Database of radiological incidents and related events--Johnston's Archive

Techa River radiation accident, 1950-1951

compiled by Wm. Robert Johnston
last modified 29 November 2022

Date: September 1950 - 28 October 1951

Location: Techa River, Russia, U.S.S.R.

Type of event: accidental and routine radiation releases


Processing of radioactive waste at the Mayak Production Association in 1949-1956 was accompanied by significant intentional and accidental releases of liquid radioactive waste into the Techa River. Routine releases began in January 1949 and mostly ceased by 28 October 1951 when releases were switched to Lake Karachay, though some contamination of the Techa River continued through 1956. The majority of releases into the river were from September 1950 to 28 October 1951, including large accidental releases during 8-12 October 1951. About 60% of strontium-90 and cesium-137 releases occurred in October 1951.

Response of Soviet authorities to address risk to local residents was slow. A ban on use of riverwater for drinking and household use was implemented around 1953. Use of riverwater likely continued until wells and water pipes provided alternate water sources by 1956. In 1953 a restricted zone was established regarding access to the river for people, cattle and water fowl. Barbed wire fences were placed between the river and settlements. Local residents were not told of the reason for these restriction nor of the risks, so violations of the restrictions were routine. A series of dams on the Techa River were built to limit water flow. Between 1954 and 1960 about 7000 residents were relocated.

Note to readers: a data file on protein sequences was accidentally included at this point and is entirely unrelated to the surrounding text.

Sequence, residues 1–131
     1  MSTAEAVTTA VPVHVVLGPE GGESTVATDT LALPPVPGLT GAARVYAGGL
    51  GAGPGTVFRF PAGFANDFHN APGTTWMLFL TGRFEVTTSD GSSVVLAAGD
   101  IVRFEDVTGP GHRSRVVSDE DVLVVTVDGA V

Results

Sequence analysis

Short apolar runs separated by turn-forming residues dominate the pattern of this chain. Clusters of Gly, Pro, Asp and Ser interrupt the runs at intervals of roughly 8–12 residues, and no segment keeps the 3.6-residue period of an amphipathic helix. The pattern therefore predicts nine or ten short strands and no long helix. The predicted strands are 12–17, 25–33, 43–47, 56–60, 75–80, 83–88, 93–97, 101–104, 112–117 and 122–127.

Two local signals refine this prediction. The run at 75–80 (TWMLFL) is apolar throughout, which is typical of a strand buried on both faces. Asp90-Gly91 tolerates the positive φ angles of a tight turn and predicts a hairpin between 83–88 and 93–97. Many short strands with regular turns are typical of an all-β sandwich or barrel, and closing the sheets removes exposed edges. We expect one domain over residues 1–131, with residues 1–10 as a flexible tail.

Chronic radiation syndrome (CRS) was identified among residents near the Techa River by 1951-1953. At least 940 individuals were found to have CRS with a mean dose of 70 rad and maximum dose of 360-790 rad.

Consequences: 940+ injuries.


© 2022 by Wm. Robert Johnston.
Last modified 29 September 2022.
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